3. Fund a womens business development initiative.  Ms. Baker started her own women lawyer's networking group at her office.  "It started off just meeting on a regular basis, just for lunch.  We would talk about issues, but most importantly, ways that we could work together to develop business.  Then, we started having networking events a couple times per year.  We would invite women clients, potential clients and referral sources to our office for some sort of event.  Once we had an expert on communication skills come in, and that was also popular.  It gave us an opportunity to work together, to network among ourselves, and to network with clients and potential clients."
  4. Assign a business development mentor to every woman lawyer.  This can be a male or female rainmaker whose mission is to demonstrate their business-building skills to their protégé.
  5. Always include a woman lawyer on a new-business call or response to an RFP.  Of course, the woman lawyer must have a speaking role and play a part in the resulting new work.
  6. Give women lawyers 200 hours a year of time to devote to business development, which can be credited to their annual billable hour target.
  7. Provide women lawyers a complete list of trade associations in which the firm has a membership, and all charities and non-profits where the firm has a member on the Board.  Underwrite the cost for women lawyers to become active in these organizations, where they will meet potential clients.
  8. Introduce women associates to executives at major clients, so that the woman lawyer can cultivate relationships with junior executives at the client company.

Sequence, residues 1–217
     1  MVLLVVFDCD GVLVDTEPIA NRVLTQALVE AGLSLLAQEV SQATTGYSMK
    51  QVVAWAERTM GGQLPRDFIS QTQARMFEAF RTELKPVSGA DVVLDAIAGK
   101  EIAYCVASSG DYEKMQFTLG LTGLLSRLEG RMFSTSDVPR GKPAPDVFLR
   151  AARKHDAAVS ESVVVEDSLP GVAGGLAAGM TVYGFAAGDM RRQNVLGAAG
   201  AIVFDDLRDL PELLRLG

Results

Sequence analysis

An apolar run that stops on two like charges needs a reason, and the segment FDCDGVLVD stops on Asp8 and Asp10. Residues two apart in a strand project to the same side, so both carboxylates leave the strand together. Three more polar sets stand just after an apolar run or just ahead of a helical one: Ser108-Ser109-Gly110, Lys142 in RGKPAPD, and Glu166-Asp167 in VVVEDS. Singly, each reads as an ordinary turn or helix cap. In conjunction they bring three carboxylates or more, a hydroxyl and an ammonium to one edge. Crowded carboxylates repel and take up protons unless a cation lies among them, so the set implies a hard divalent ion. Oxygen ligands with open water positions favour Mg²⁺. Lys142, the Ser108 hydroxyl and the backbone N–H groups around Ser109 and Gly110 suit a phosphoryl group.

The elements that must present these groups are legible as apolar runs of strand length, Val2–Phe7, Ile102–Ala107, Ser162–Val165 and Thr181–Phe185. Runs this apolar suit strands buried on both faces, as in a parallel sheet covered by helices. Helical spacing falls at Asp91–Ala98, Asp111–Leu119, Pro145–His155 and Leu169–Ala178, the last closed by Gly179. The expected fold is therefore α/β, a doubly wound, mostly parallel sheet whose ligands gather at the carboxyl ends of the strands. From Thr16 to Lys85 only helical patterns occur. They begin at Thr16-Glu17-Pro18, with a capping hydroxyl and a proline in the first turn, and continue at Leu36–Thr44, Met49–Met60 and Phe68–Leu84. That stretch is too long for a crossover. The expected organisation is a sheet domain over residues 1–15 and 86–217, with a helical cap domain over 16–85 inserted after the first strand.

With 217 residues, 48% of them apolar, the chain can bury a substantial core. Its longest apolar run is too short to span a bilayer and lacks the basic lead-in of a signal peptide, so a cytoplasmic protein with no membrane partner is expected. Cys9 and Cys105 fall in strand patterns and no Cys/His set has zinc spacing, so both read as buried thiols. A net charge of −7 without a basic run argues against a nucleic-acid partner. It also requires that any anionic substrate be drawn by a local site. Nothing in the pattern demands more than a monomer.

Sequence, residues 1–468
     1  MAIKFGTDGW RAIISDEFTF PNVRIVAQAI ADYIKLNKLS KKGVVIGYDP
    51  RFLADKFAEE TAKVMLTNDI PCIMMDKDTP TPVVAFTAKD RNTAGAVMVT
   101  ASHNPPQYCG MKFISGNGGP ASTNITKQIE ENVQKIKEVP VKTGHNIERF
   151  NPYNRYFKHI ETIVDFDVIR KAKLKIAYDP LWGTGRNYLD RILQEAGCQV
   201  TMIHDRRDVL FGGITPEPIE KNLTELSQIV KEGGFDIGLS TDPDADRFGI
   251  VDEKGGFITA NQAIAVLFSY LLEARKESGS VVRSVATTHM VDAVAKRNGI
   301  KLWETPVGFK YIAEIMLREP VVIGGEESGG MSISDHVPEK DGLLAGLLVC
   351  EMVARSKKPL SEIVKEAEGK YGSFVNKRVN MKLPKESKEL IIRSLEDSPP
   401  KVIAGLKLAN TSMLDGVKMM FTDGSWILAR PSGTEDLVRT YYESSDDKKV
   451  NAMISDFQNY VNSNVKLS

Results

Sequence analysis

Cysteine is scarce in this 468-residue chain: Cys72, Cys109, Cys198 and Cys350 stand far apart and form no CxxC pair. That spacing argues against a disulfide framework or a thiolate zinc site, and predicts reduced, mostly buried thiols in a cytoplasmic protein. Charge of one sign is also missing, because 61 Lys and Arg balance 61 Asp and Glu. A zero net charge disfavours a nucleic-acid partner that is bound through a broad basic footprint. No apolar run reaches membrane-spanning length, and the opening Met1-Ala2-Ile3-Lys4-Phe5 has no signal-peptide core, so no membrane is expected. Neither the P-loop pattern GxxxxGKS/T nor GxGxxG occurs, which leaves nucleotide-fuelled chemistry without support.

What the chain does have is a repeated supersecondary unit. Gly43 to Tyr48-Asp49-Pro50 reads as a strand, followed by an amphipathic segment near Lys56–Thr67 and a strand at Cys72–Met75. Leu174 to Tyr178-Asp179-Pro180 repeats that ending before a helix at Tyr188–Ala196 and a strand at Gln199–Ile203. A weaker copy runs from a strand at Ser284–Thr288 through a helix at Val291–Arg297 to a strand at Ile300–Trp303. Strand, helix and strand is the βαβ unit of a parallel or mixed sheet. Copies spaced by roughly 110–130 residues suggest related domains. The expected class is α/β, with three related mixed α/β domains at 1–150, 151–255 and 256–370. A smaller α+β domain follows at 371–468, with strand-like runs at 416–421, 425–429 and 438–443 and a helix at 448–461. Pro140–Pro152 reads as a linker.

9. Underwrite the cost of public speaking training for women lawyers, so that they can establish their credibility in front of an audience of clients.  The firm"s marketing team should seek out speaking engagements for the women lawyers.
  10. Hire professional business development trainers to instruct women lawyers in getting new clients.  The same skills that make men successful can be employed by women lawyers.

"Women can do business development," Ms. Baker said.  "A lot of women are intimidated or overwhelmed because they picture business development as cold calls or sales pitches, and not too many of us are comfortable doing that, including men.  But that"s not really the best way to develop business.  On the contrary, the best rainmakers are people who are good at developing and nurturing relationships.  Thatss a skill that most women have and are innately good at, so that's not something women need to learn. "

A rising tide lifts all boats, but not if most of the women professionals are being torpedoed.  It is in the enlightened self-interest of law firms to train their women lawyers to become rainmakers.  Not only will the firm benefit, but the glass ceiling that stops the careers of women lawyers will be shattered.

Copyright © 2004-2009 Larry Bodine

About The Author

Larry Bodine is a Business Development Advisor based in Glen Ellyn, IL.  He has helped law firms generate millions in new revenue by devising strategies, conducting business development retreats and individually coaching attorneys. He can be reached at 630.942.0977.

The opinions expressed in this article do not necessarily reflect the opinion of ILW.COM.